Phil – Issy-Kul, or what?

The players at Issy-Kul
The players at Issy-Kul

More footballing serendipity, ex-Soviet weirdness, and Phil scores a goal to remember…

From time to time, I would look at the map of Kyrgyzstan, and wonder about the huge expanse of water that nestled in the middle of the mountains… the name “Issy-Kul” means “Hot Lake” – it never freezes, forty rivers flow into it but none flow out, and it even generates its own local climate.

Our original plan for the trip had been to visit the lake and later continue to Kashgar in China through the Torugart Pass. Unfortunately, the Chinese wanted far too much money, it was still early in the year, and the pass could stil be dangerous. As a result, we will have to make a 5000km detour to see Kashgar, but as we both wanted some rest and recuperation, we decided to go and see the lake anyway.

The mountains we wanted to cross
The mountains we wanted to cross

Phil and I were driven to the lake from Bishkek, where we stayed in a sanatorium (did I say sanatorium? – I think insanatorium would be closer) built in the Seventies for the Communist Party big-wigs to get their intestinal irrigation far from prying eyes.

Walking down corridors in the monstrosity of a building was an alarming experience – from the inscrutable medical treatments labelled on the doors, to the bulky female Russian “nurses” who seemed to patrol the hotel in groups of three, looking for victims – er, patients.

The grounds were planted with trees and shrubs, but always in neat rows. Concrete paths snaked through the vegetation, lined with street lamps of such brightness and intensity that night never fell. I think if I were to build a place with less connection to the stupendously beautiful surroundings in which it was situated, this would be more-or-less it. It seemed less like a place of recuperation, and more a place of frustration.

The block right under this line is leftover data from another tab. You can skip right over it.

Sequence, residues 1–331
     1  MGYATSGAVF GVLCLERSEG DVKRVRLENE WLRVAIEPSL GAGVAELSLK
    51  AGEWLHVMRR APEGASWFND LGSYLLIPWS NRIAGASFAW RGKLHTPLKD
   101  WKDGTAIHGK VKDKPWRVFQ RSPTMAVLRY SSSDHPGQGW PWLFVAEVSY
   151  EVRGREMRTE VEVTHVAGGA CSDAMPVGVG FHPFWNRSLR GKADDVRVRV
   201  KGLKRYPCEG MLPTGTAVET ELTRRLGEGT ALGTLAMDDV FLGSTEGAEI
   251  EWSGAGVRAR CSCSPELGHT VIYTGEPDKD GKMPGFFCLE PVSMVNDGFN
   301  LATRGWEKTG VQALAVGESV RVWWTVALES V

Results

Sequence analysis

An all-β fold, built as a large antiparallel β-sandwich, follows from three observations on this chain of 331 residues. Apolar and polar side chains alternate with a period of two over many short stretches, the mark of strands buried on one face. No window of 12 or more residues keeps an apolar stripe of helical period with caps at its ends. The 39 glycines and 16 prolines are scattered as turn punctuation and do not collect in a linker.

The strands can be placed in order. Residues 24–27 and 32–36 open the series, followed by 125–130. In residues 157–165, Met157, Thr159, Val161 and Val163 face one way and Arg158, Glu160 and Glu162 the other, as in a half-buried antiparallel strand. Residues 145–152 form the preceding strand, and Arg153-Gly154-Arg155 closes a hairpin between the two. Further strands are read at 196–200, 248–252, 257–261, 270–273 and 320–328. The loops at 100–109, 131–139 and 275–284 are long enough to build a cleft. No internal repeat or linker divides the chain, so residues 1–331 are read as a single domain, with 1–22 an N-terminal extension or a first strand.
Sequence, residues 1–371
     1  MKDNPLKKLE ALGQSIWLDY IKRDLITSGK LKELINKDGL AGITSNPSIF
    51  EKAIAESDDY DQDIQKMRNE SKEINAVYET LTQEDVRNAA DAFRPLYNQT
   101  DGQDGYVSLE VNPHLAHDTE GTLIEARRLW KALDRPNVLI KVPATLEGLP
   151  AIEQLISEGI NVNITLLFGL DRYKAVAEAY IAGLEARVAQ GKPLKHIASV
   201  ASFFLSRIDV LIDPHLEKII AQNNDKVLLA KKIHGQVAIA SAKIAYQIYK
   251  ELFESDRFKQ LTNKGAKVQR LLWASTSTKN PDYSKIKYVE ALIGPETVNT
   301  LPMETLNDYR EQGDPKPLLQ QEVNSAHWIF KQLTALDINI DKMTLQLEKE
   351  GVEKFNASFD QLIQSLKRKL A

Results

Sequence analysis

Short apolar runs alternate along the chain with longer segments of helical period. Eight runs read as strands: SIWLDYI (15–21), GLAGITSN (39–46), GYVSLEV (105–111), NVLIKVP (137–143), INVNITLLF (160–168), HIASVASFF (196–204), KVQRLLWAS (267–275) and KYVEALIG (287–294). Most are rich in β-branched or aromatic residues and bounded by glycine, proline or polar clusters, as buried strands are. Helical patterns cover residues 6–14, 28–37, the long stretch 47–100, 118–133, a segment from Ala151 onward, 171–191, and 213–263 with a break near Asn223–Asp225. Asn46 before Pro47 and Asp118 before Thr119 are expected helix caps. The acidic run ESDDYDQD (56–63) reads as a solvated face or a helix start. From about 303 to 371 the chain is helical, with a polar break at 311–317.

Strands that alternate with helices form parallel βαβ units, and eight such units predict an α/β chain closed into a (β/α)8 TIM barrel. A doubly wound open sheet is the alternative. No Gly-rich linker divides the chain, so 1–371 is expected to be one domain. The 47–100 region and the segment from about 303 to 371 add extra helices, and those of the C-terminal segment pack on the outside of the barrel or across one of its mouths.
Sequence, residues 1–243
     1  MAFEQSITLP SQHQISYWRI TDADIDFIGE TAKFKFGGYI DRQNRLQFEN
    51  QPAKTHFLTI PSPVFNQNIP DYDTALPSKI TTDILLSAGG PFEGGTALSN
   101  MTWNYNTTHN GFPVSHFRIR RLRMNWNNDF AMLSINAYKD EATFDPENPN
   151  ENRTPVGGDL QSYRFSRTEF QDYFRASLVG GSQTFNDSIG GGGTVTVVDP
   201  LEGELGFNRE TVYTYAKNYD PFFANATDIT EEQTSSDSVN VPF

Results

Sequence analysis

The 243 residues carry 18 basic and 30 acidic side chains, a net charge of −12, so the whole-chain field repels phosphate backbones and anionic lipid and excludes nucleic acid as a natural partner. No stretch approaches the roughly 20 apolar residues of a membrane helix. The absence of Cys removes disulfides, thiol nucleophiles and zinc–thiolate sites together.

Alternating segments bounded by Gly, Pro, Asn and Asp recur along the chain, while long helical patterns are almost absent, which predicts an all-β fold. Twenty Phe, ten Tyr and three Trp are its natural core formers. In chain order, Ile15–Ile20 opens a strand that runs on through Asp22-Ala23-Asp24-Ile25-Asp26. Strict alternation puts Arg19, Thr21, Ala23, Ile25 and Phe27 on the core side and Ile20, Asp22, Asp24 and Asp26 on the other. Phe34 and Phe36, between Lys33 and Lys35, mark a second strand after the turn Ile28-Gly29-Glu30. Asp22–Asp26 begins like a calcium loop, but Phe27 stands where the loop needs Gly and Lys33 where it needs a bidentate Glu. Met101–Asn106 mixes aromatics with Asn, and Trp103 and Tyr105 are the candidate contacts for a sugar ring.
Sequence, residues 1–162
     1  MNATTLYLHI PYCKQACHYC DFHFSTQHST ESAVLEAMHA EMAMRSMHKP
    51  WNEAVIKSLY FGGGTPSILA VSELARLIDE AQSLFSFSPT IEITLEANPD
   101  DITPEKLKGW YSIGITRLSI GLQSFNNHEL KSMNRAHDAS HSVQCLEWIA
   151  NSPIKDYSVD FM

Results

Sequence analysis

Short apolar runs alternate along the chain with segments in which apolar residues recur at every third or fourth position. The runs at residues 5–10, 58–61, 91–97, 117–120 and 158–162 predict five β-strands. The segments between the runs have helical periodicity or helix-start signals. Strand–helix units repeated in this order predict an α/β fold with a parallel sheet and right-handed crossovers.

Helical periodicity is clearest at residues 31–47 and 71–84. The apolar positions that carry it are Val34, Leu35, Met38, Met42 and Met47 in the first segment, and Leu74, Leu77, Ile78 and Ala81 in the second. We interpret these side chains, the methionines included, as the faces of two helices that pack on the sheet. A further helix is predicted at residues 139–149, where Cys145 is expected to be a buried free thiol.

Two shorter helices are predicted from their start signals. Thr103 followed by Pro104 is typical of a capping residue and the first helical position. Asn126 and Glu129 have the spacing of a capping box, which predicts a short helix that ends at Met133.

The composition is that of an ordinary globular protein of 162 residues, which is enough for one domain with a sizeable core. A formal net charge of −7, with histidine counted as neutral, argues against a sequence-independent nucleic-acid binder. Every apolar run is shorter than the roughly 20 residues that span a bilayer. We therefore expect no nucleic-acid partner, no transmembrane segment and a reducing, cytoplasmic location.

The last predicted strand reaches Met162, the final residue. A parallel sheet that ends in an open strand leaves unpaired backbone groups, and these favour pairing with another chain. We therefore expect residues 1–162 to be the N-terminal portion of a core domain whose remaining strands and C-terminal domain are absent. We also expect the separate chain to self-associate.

It seemed like a very bleak prospect staying there for more than five minutes – particularly to Phil who dropped his bag in the room when we arrived, and actually ran out of the grounds to see if he could find something to smoke. The two rays of hope were a computer with a reasonably quick connection to the internet, and Khanat, who ran the bar, who turned out to to be a football fanatic with an encyclopedic knowledge of the game.

After a couple of days with our heads stuck firmly up the computer, we learned through Khanat that the staff played football in one of the tennis courts every day at four. Since we were heading back to Bishkek at five the following day, Khanat agreed to organise the staff to play at ten the next morning.

And what an enjoyable game it proved to be…

Phil, about to score
The Wake lad, about to score

We played for as long as we could, until a militia-type turned up to reclaim the staff into the clutches of the hotel. Phil and I played keep-up for a while afterwards – Phil gloating about the goal he scored with a back-heel in front of a crowded goalmouth. In fact he’s so chuffed with it, that you can see it here…

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With a backheel, no less.

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Written by on Saturday, April 27th, 2002

1 comment on this post

  1. Does Phil back heel goals to protect his metatarsal?

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